I want protect I/O pin against overcurrent to make circuit more robust. Atmel's AVR040: EMC Design Considerations discusses internal overvoltage protection in General I/O Pin Protection paragraph. But I need protect case when a IC output pin is connected to a particular MCU and the MCU pin is configured unintentionally as output too because of firmware bug. And both pins are forced sometimes to opposite logic level.

Similar case when MCU pin is connected to a tactile button and pin is output at 5V.

Simple solution is adding simple serial resistor between these pins. Is it needed or MCU/IC should survive without protection?


Have a look here, page 303. It seems that Atmel does not include a short circuit protection in its I/O pins, so a protection might be needed.

In the case of another MCU you might avoid using resistors, but that would depend on the MCU and on your luck. With a button you need a resistor indeed, so here is how to calculate it.

On the same table you see various parameters such \$V_{OH}\$ and \$V_{OL}\$. They are the minimum guaranteed voltages when output is high, and the maximum when output is low. I would assume conservatively full output swing, i.e. you are connecting \$V_{CC}\$ to ground. Assuming 40mA is the maximum current your chip is capable of delivering you get: $$R_{min}=\frac{V_{CC}}{I_{max}}=125\Omega$$ for 5V and 40mA. Of course you can stick a bigger resistor and sleep safer nights, but why shouldn't you throw in some M\$\Omega\$s? That's because of speed. All pins have an input capacitance \$C_{in}\$, the time constant of the communication line is approximately \$R\cdot C_{in}\$ where R is the chosen protection resistor. If you need high speed communication you better keep that time costant as low as possible, you'd like something \$R\cdot C_{in}<\frac{1}{10\omega}\$ where \$\omega=2\pi f\$ and f is the frequency of the communication channel.

I'd go with \$1\text{k}\Omega\$ and play it safe.

  • \$\begingroup\$ Is 10*f an arbitrary value? Also, what is typical input capacitance to a given IC, or does this parameter vary widely? I say this because I imagine designers which to keep this parameter particularly low during design, or are there some weird applications? Also, from where does this parasitic input capacitance arise? \$\endgroup\$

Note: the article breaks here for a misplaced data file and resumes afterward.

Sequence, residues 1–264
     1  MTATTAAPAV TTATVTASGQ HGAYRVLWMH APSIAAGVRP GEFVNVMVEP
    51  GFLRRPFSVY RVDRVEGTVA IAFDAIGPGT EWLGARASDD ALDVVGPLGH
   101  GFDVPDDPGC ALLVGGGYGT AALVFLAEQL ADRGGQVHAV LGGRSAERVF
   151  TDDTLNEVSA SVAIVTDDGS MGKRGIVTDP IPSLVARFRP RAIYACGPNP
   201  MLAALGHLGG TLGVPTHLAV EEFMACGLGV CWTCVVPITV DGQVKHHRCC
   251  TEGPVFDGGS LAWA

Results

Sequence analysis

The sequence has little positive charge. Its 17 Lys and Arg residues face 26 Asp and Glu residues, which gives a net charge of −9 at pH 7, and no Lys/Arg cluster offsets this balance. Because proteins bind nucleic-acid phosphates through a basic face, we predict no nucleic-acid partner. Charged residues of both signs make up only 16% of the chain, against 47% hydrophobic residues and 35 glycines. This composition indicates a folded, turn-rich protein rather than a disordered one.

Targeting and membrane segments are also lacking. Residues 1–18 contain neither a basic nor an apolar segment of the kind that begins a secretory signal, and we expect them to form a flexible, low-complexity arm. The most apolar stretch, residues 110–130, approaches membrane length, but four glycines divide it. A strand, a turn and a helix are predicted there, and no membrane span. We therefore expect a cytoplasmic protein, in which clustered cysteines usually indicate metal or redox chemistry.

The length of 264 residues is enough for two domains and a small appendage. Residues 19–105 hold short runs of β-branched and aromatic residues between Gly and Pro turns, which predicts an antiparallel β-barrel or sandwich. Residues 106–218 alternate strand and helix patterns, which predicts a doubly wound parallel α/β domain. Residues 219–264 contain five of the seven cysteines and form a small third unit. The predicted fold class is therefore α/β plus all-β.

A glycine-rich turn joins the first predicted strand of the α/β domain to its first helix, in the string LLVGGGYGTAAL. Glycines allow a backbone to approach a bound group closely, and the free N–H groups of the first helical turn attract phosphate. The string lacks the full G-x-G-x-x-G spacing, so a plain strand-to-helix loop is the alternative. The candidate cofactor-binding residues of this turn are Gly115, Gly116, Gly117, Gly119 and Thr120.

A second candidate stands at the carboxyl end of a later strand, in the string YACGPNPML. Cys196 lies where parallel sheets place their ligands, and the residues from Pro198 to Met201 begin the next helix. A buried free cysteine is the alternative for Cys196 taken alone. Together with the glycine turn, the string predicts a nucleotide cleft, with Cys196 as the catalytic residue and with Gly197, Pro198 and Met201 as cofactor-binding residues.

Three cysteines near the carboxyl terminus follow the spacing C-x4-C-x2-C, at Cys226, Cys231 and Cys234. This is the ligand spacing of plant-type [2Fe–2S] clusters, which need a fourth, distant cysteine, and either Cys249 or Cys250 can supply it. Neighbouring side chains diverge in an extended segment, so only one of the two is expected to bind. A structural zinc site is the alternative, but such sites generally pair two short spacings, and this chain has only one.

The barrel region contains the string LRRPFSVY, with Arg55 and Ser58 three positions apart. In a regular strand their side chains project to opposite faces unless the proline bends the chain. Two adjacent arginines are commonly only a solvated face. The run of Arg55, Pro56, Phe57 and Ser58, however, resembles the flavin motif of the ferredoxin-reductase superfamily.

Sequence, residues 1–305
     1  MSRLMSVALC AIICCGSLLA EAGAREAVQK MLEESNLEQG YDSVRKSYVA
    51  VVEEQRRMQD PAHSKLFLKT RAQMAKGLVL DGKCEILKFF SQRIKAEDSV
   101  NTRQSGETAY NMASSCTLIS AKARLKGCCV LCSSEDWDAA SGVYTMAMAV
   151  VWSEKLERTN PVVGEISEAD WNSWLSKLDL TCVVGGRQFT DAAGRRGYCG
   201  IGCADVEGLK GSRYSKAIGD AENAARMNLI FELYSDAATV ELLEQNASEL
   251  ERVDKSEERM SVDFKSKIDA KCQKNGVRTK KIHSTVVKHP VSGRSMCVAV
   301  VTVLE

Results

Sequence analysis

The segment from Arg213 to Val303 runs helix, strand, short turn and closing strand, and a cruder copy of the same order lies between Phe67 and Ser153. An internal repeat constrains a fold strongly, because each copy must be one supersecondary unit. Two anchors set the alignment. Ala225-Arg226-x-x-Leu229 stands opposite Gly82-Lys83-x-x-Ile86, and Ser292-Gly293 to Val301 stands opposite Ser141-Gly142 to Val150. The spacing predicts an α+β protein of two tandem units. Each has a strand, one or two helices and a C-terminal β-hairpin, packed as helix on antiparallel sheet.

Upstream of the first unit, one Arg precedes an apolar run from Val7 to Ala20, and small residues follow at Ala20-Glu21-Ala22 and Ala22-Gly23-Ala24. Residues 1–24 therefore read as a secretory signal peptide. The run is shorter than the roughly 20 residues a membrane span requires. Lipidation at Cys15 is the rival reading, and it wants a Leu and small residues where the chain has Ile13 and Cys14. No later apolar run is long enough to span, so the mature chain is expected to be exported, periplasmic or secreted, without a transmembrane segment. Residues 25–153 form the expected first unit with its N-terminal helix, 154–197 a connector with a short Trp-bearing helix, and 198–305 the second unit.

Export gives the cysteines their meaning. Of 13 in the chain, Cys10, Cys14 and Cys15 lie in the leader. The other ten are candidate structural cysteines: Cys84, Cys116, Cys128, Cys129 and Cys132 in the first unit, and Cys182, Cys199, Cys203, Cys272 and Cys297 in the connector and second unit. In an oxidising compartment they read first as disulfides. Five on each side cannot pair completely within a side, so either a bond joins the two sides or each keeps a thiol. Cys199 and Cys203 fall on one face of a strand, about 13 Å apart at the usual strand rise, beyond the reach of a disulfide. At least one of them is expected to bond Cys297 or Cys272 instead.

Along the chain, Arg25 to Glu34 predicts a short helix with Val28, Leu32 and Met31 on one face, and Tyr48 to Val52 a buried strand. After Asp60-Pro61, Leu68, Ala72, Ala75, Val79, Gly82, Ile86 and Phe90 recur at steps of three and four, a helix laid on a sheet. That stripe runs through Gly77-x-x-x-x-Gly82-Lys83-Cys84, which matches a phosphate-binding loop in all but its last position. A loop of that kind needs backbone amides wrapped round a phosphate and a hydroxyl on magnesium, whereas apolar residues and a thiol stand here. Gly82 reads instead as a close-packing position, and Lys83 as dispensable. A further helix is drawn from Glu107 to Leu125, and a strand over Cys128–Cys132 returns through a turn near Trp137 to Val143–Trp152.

– sherrellbc
    Jul 19 '14 at 19:07
  • 1
    \$\begingroup\$ 10f is to keep the pole associated with that RC a decade after the highest frequency you want to see. that's pretty conservative. input capacitance may vary widely but for same kind of IC's it usually stays quite the same (read some datasheets). Yes, the lower the better, unless you are building a capacitor. You should ask a question about that, I'm not sure. They arise from various elements: pins, wires, input mos gates, protection diodes that are reverse biased... That's not something you can explore in a comment. \$\endgroup\$ Jul 19 '14 at 19:10
  • \$\begingroup\$ Thanks you confirmed my suspicion. AFAIK 1k is used at Arduino board between 16u2 and 2560 MCUs on serial line. I'm going to use 150ohm not to demage edges too much. \$\endgroup\$
    – TMa
    Jul 19 '14 at 19:55
  • \$\begingroup\$ 1k5 is fair enough, input capacitance is in the range of 10s of pF so you get a frequency cap of about 10MHz \$\endgroup\$ Jul 19 '14 at 20:08

get smd resettable fuses, 10ma 5v Simplest answer of all to this question, if you can spend 11$ per pin protection.

best is before putting in the ʯcont. just take multimeter and do a good inspection

  • \$\begingroup\$ though they can be really hard to find \$\endgroup\$
    – Raj
    Feb 2 '16 at 14:19

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